Systemic Practice and Action Research

, Volume 29, Issue 5, pp 405–423 | Cite as

Intersections of Critical Systems Thinking and Community Based Participatory Research: A Learning Organization Example with the Autistic Community

  • Dora M. Raymaker
Original Paper


Critical systems thinking (CST) and community based participatory research (CBPR) are distinct approaches to inquiry which share a primary commitment to holism and human emancipation, as well as common grounding in critical theory and emancipatory and pragmatic philosophy. This paper explores their intersections and complements on a historical, philosophical, and theoretical level, and then proposes a hybrid approach achieved by applying CBPR’s principles and considerations for operationalizing emancipatory practice to traditional systems thinking frameworks and practices. This hybrid approach is illustrated in practice with examples drawn from of the implementation of the learning organization model in an action research setting with the Autistic community. Our experience of being able to actively attend to, and continuously equalize, power relations within an organizational framework that otherwise has great potential for reinforcing power inequity suggests CBPR’s principles and considerations for operationalizing emancipatory practice could be useful in CST settings, and CST’s vocabulary, methods, and clarity around systems thinking concepts could be valuable to CBPR practitioners.


Critical systems thinking Community based participatory research Learning organization Power Autism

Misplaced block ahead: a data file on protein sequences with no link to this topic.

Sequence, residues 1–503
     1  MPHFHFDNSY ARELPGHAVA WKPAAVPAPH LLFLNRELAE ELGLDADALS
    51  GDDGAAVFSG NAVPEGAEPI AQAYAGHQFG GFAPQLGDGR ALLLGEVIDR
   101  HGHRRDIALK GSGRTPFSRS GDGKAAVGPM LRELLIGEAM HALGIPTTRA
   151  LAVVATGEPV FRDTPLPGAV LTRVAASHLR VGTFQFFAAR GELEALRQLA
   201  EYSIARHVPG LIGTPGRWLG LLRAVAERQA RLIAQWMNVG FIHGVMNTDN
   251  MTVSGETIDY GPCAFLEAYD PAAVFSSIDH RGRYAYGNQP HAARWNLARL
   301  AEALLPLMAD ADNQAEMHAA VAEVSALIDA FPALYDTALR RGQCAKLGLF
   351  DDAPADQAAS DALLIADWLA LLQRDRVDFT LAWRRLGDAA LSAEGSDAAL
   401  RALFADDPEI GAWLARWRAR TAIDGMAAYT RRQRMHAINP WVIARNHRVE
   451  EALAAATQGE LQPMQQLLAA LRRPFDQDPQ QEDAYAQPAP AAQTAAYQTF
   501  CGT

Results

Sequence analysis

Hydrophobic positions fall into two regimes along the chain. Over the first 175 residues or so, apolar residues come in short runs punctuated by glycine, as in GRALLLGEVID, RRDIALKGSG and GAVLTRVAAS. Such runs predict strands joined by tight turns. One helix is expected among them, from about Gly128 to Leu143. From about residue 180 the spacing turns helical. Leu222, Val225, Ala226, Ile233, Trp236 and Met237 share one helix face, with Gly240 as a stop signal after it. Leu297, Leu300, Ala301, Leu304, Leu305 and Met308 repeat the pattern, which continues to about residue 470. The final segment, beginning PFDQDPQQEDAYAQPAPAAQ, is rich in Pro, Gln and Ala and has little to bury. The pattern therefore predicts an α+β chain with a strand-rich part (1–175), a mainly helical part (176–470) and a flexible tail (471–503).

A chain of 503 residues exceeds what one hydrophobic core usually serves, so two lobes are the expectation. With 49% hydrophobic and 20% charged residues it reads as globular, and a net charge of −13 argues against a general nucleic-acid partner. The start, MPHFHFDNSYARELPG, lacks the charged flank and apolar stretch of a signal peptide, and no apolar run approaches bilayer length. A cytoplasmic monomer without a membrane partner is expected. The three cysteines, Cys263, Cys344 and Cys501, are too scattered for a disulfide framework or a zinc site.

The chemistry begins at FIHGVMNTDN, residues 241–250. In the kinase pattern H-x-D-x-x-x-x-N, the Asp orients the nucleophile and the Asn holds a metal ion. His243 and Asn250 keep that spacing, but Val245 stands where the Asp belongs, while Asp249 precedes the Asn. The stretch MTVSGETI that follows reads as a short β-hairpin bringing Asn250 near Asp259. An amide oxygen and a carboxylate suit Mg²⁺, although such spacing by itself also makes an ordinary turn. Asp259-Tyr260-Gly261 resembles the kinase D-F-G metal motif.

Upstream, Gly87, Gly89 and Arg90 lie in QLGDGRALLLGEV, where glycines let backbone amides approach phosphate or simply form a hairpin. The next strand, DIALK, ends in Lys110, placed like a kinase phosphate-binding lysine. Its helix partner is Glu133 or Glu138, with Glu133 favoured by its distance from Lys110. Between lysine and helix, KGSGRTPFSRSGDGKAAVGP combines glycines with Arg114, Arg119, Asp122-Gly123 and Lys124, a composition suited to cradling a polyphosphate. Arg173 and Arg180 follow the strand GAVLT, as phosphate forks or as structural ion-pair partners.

Foremost, I thank my AASPIRE team members, past and present, for doing the work, reading this paper, and being there for me. I would also like to acknowledge the valuable input of Christina Nicolaidis, Katherine McDonald, Laurie Powers, and Wayne Wakeland who helped me steer a floundering early draft onto a more effective course. AASPIRE’s work is supported by National Institute of Mental Health Grant Number R34MH092503; Oregon Clinical and Translational Research Institute (OCTRI) Grant Number UL1 RR024140 from the National Center for Research Resources (NCRR), a component of the National Institutes of Health (NIH), and NIH Roadmap for Medical Research; Portland State University; and the Burton Blatt Institute.


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Copyright information

© Springer Science+Business Media New York 2016

Authors and Affiliations

  1. 1.Regional Research Institute for Human ServicesPortland State UniversityPortlandUSA
  2. 2.Academic Autism Spectrum Partnership in Research and EducationPortlandUSA

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